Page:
Tom is an effective character and classically Francis; he's independent, a loner, self-reliant and determined. He was certainly the best of the characters in the story, and the most well developed.
It may sound silly, but enjoy that the author's voice, particularly with both the author and the characters being British, sounds British without an attempt to Americanize it. There was a strong sense of place, I feel I'm coming to know the Lambourn region. Details make a difference. The inclusion of information on Tom's life in the military, including what the infantry wears and carries with them, but also information on the tax system; these things add dimension to the story.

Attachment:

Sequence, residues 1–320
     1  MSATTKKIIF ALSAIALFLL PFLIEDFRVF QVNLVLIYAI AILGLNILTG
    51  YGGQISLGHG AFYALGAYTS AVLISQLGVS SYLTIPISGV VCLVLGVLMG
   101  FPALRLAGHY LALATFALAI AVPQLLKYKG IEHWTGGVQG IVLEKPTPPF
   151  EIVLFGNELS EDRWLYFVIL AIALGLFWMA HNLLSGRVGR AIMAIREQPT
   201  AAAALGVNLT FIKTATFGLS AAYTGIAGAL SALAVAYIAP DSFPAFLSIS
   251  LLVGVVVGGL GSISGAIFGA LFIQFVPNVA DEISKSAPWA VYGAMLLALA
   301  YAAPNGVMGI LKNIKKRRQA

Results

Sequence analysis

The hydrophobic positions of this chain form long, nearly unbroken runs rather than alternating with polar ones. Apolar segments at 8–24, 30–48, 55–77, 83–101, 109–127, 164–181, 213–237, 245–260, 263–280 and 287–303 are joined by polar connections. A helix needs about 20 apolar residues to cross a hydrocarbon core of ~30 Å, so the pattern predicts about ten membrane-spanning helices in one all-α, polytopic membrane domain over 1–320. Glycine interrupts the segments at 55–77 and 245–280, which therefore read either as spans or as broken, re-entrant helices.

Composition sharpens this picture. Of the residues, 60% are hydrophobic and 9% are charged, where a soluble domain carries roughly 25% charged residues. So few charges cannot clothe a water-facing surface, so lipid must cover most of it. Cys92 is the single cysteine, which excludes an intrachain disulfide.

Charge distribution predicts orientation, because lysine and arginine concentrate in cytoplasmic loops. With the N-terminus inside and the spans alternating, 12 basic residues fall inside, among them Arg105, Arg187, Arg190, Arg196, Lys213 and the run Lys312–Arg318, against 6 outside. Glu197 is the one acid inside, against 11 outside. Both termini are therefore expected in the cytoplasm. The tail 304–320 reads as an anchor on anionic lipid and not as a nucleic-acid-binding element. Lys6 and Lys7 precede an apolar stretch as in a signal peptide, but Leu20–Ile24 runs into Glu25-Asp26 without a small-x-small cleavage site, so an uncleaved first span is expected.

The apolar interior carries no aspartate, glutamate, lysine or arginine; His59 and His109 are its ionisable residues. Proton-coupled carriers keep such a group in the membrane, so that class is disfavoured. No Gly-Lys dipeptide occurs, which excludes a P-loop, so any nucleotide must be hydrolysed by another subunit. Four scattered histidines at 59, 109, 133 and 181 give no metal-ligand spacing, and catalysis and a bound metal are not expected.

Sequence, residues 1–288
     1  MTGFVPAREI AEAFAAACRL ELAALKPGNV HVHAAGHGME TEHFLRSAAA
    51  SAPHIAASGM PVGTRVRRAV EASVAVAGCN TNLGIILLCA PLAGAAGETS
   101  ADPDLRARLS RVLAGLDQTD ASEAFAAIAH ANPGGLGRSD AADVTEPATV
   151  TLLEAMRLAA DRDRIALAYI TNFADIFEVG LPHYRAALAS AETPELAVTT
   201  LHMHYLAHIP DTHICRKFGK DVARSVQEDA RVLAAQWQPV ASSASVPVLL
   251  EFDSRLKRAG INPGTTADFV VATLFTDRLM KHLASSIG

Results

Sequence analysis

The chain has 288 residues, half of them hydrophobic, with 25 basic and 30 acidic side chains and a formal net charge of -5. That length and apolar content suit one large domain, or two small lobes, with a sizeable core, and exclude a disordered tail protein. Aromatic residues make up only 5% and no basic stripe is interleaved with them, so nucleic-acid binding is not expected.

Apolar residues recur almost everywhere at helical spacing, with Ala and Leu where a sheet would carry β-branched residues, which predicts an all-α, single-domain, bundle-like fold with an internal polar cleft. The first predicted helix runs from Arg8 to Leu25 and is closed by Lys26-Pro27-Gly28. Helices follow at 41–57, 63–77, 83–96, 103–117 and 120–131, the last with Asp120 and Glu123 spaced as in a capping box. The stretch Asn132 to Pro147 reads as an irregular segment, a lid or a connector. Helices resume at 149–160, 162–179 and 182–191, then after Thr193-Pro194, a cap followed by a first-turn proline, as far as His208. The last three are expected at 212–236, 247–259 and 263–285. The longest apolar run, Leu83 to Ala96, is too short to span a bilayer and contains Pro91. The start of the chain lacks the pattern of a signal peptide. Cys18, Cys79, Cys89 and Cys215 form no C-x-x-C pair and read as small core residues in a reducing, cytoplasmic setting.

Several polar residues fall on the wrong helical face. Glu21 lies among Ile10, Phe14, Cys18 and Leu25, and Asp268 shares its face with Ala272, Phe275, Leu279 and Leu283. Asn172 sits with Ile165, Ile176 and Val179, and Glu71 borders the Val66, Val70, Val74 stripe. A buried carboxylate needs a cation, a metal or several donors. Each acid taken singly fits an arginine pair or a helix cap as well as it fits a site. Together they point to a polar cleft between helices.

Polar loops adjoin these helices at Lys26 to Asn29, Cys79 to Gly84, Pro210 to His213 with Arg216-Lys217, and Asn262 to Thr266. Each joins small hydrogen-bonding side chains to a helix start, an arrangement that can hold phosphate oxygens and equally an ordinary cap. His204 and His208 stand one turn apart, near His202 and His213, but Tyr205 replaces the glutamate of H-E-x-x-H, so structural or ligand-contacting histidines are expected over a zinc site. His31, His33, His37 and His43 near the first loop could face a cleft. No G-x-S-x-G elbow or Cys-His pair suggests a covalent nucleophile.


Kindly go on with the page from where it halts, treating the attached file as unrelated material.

Taking into account that I was reading an uncorrected proof, there was a good deal of redundancy. I hope that won't be true with the finished edition.
The plot was good, but lacked the suspense to which I'm accustomed and a number of the situations were strikingly, and rather uncomfortably, familiar from previous books.Read more ›
That's what is so marvelous about these books: if you liked one, you'll like them all, and yet no story is repeated -- you don't know what's going to happen next. They are invariably diverting and you pretty much always learn something and that's a pretty big payback from a mystery novel, don't you think?